Energy & Environment

How refiners can lower the high price of renewable fuel credits: Invest

A group of oil state senators is asking biofuel and agricultural producers to accept changes to the renewable fuel standard (RFS) that are intended to help a small group of refiners comply with the program. The bipartisan RFS program has been U.S. law since 2005, requiring production and use of annually increasing volumes of biofuel in the U.S. transportation market.

The refiners want to lower the price of renewable identification numbers, or RINs, which are the credits they must accumulate to prove compliance with the program - every gallon of biofuel that is blended into transportation fuel generates one of these RIN credits.

It is important to note that past changes to the RFS program - made at the request of those same refiners - have done nothing at all to change the price of the compliance credits. One compliance strategy, though, has proven successful. Refiners that made modest investments in blending capacity, or in advanced and cellulosic biofuel technologies, have been able to comply with the program by generating their own RIN credits.

 

Congress has tried to give relief to small refiners that are unable to blend biofuels. Most recently, the Senate Appropriations Subcommittee for Interior, Environment and Related Agencies firmly directed the U.S. Environmental Protection Agency (EPA) to grant small refiners exemptions from the program to ensure they "remain both competitive and profitable." The agency has followed that direction and eased requirements for these hardship exemptions.

But EPA has also recognized - and categorically stated in the most recent RFS rule - that refiners are not harmed by complying with the program. Independent refiners recoup their compliance costs when they price their product for blenders; fuel blenders, in turn, recover their cost by blending biofuels and acquiring RIN credits. The refiners' protests about high RIN costs are, in the agency's understated opinion, unsupported by evidence and "unconvincing."

Fortunately, EPA seems to have learned important lessons from when refiners cried wolf over the so-called blend wall. In 2013, independent refiners activated their champions in state governments, Congress and the White House to demand limits on ethanol blending because of high RIN prices.

In response, EPA delayed issuing RFS rules for two years as it sorted out the claims. The agency then used its authority to waive the biofuel blending requirements for those years and to create staggeringly large banks of surplus compliance credits. Those reserve RIN banks come from actual gallons of advanced biofuels produced and blended into the U.S. fuel supply - even though the agency's waiver authority was based on a claim that there was an "inadequate supply" of the fuel.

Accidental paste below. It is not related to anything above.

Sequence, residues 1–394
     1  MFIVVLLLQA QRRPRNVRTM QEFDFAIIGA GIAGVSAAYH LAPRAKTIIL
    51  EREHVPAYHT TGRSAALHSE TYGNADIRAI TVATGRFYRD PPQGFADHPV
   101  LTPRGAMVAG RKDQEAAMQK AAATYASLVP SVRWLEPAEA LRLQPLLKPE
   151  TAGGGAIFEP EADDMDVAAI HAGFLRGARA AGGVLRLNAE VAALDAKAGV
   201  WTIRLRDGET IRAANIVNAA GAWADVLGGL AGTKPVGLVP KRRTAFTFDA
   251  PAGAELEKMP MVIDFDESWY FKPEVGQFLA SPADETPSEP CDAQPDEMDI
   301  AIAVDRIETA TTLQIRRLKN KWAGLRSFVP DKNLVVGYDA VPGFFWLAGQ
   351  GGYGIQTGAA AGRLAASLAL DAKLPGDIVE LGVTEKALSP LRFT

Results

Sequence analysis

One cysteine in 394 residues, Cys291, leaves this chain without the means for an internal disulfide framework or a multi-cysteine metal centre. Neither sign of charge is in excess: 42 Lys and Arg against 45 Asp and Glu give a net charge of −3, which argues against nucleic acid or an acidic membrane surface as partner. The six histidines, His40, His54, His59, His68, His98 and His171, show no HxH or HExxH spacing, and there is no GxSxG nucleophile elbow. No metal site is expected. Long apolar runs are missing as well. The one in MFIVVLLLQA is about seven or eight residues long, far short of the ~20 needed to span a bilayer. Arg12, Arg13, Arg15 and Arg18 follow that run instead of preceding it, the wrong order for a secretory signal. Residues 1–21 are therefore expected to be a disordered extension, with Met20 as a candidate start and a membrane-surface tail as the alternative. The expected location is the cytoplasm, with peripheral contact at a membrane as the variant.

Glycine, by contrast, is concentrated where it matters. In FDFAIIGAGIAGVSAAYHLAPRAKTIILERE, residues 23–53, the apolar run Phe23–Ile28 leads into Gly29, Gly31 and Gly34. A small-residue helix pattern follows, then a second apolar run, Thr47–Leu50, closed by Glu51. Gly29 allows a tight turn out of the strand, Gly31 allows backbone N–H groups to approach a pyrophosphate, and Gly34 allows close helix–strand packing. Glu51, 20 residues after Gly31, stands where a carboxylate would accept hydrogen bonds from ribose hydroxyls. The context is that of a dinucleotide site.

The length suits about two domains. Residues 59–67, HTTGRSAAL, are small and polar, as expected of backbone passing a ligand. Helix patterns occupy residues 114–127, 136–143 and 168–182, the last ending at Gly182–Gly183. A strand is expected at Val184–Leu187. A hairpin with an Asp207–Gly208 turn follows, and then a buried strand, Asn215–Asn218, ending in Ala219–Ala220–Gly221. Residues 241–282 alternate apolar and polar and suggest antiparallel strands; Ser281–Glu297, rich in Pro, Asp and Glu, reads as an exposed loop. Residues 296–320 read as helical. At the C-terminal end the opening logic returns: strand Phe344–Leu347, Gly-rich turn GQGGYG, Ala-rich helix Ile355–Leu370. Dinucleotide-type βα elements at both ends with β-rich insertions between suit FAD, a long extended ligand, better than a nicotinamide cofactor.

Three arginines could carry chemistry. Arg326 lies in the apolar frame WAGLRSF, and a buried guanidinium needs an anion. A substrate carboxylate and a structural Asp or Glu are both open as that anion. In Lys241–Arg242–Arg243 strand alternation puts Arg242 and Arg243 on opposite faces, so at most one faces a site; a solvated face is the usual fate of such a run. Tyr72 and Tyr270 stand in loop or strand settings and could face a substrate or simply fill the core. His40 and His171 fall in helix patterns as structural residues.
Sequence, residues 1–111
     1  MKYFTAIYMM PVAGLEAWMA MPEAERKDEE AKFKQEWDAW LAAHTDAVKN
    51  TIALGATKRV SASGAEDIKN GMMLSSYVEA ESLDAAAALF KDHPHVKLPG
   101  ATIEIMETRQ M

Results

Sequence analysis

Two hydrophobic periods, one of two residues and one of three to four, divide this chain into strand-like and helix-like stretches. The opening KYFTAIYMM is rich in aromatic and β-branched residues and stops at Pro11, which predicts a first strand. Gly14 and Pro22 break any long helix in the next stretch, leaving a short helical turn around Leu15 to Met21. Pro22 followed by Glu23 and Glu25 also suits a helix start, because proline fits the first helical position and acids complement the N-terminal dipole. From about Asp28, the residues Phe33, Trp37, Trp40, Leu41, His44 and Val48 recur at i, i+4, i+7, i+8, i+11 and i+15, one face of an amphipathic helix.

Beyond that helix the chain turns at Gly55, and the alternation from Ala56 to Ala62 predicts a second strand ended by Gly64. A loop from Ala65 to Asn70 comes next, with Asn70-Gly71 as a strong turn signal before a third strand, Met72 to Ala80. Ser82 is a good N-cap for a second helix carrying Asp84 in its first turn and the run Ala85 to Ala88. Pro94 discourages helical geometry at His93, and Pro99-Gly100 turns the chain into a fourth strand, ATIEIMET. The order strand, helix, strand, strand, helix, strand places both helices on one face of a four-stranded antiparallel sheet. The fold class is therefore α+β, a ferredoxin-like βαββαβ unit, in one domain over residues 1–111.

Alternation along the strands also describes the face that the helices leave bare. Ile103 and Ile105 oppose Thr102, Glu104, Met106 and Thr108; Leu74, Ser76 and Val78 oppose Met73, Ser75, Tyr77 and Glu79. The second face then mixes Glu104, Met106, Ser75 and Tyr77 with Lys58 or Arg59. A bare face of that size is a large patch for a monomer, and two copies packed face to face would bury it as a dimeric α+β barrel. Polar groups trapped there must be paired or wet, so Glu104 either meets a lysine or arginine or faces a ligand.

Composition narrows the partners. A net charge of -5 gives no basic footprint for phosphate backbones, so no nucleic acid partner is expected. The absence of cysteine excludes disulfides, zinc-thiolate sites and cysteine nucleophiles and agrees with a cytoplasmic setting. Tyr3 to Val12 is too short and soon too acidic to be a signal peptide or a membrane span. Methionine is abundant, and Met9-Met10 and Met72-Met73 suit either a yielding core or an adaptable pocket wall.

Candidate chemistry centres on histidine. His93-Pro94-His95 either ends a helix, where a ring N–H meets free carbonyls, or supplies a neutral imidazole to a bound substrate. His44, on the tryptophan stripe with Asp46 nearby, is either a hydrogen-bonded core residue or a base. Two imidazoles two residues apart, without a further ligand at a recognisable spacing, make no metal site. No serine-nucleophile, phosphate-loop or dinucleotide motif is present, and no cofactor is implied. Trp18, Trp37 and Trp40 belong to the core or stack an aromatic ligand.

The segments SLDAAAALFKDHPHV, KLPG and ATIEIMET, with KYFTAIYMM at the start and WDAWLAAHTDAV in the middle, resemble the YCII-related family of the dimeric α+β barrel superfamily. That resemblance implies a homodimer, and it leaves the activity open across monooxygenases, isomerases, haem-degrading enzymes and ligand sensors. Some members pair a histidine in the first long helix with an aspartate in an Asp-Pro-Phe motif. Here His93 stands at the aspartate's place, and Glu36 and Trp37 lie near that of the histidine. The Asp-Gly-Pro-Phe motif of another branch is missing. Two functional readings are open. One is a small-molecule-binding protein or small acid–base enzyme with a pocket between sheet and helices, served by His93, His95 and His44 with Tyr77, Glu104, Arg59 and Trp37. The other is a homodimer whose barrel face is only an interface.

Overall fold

The number of reserve advanced biofuel RIN credits that refiners have accumulated and rolled forward from year to year now exceeds the number that they can legally use to meet the 2018 biofuel blending requirements. And yet that RIN bank has no impact on the price of the credits.

Many refiners have made smart business decisions and investments in biofuel production and blending capacity to capture the value of fuel diversification and the RFS program. For example, Flint Hills Resources has acquired several ethanol biorefineries and worked with biotech company Edeniq to launch new technology to produce cellulosic ethanol in those same facilities. The RFS was designed to support that type of innovation and it has been a success. Although it's legal for refiners to comply with the program simply by purchasing RIN credits from others who innovate (and blend biofuels beyond the compliance targets), it isn't necessarily a good business decision.

The RFS was designed to encourage biofuel blending. Biotechnology and biorefinery companies have invested hundreds of millions of dollars in advanced biofuel R&D and innovation. A new RIN credit price control scheme to reward such recalcitrance on the part of a few refiners will only disrupt the market and further derail new technology and investment in advanced and cellulosic fuels. Moreover, it's likely to hurt rather than help small refiners.

Our recommendation for a win-win solution for oil refiners and the biofuel industry is for more oil to should invest in blending infrastructure and advanced and cellulosic biofuel production capacity to capture RIN credit values. The refiners can diversify their product offering and improve their competitiveness by working to meet the goals of the RFS, rather than digging their heels in against it. The benefit of improved energy security and market competition would also provide a win for U.S. motor fuel consumers.

James C. Greenwood is president and CEO of the Biotechnology Innovation Organization. He represented Pennsylvania's 8th District in the U.S. House of Representatives from 1993 to 2005.

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